09 Feb The Standard of Care: What to Expect from Healthcare Providers
Written by Jan Marin, Senior Associate & Lawyer
If you’re considering a medical malpractice case, it is important to know that healthcare providers are not held to a standard of perfection. They must exercise a reasonable degree of care. But what on earth does that mean exactly?
In this two-part blog, I will first discuss what we mean by the term “standard of care”. In a second blog, I’ll explain why it is essential for the plaintiff to establish “causation” following a breach in the standard of care in order to prove their case.
Standard of Care
In layman’s terms this essentially means ‘the appropriate care you should expect from your healthcare provider’.
The standard is set by determining if other medical providers, with similar experience/training and facing similar circumstances, would act in the same way.
Medical providers are human and cannot be held to a standard of perfection. Although their clinical judgment may have resulted in an error that caused an injury to their patient, if they exercised reasonable care and skill, then the standard of care would be met. If, however, other medical providers would, by and large, make a different choice or offer different treatment, there may be a breach of the standard of care. Medical providers also have a duty to treat only what is within their expertise and treating a patient with a condition they are not familiar with or using medications or techniques outside of their training can also lead to finding that they have breached the standard of care.
There are also different expectations depending on the level of training. For example, if a medical provider promotes herself as a specialist about certain medical conditions, the standard of care a patient should reasonably expect may be higher than if treatment was provided by a general practitioner.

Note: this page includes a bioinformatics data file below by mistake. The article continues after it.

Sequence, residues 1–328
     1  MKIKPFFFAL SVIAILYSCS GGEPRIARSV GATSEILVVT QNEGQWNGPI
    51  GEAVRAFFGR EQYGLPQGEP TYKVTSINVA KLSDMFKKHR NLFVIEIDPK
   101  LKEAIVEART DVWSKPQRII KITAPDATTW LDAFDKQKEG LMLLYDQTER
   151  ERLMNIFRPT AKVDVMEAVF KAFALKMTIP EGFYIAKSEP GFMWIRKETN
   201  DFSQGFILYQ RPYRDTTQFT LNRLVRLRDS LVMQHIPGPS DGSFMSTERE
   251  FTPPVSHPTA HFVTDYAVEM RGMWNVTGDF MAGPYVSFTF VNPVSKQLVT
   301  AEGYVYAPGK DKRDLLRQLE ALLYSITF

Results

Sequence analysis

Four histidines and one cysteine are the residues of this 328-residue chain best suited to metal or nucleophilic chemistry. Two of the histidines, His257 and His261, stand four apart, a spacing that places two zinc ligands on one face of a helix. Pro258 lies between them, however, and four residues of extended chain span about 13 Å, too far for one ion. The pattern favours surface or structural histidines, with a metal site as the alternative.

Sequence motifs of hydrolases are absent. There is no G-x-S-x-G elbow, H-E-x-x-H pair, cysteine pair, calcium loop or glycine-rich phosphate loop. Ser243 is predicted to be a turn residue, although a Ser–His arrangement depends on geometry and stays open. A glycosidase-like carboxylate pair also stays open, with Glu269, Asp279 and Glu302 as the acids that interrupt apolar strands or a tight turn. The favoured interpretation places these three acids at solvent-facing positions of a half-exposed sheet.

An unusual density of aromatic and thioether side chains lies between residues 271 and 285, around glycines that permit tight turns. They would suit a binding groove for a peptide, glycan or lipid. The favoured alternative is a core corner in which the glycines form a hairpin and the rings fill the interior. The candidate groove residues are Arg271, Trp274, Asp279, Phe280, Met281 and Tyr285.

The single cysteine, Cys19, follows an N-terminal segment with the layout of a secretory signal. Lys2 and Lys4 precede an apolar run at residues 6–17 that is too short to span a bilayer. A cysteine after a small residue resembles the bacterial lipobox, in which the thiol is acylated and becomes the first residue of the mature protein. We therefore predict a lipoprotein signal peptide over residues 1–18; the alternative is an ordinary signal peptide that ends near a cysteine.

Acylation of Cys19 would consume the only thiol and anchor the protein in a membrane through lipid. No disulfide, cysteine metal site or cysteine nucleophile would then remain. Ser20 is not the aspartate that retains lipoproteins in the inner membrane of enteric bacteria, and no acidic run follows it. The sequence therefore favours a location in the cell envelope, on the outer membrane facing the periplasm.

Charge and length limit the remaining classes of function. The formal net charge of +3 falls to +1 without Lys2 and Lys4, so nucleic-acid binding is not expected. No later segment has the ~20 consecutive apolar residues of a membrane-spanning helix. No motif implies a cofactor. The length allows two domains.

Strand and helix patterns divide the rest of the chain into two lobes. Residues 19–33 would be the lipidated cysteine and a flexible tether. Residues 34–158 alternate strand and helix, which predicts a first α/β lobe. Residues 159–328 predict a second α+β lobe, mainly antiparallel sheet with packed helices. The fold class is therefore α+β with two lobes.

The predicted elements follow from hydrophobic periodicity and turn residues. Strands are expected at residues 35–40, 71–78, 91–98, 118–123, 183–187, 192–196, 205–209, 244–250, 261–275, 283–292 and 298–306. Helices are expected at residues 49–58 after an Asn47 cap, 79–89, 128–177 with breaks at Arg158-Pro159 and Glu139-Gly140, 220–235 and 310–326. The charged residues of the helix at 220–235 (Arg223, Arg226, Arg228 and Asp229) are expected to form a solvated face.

Examples of Breaches in Standards of Care
Some common breaches can include:
- Failure to monitor a baby during labour and delivery
- Failure to refer a patient to a specialist
- Missing signs or symptoms which indicate a serious condition when presenting to the ER
- Failure to order, follow up or keep track of tests resulting in a delayed diagnosis
- A medical provider not adequately explaining the risks of a treatment or obtaining consent for treatment
These are just a few examples and certainly do not cover every situation which can arise in medical malpractice cases.
The Expert’s Role
Determining the standard of care is always case and fact specific. It also involves very specialized knowledge. While an experienced medical malpractice lawyer may have a general understanding of many areas of medical treatment, we always require the input and review of a medical expert. In fact, the Court requires an expert opinion on the standard of care. Cases without a supportive expert opinion can be dismissed. For this reason, one of our first steps is to consult with experts about the care provided by the medical practitioner.
When In Doubt, Check It Out
It can be difficult for patients to know if they have received the appropriate care after seeking medical treatment. We can certainly tell if a doctor has a poor bedside manner, but this isn’t a matter for a medical malpractice lawsuit.
However, if you had an unexpectedly poor outcome after medical treatment, it’s worth contacting a lawyer specializing in medical malpractice to investigate whether a medical provider’s negligence or incompetence played a role in your injury.
In my next post, I’ll explore why identifying a breach in the standard of care is only one step in this process. Establishing that this breach caused your injury and proving you suffered damages as a result is essential.
Helping our clients understand their rights under the law and being ready to explain the process every step of the way is a part of Gluckstein Lawyers’ commitment to full-circle care. To learn more about how we can help you if you believe you may have been injured by a medical provider, contact Jan Marin at firstname.lastname@example.org, or call 416-408-4252, Ext.246.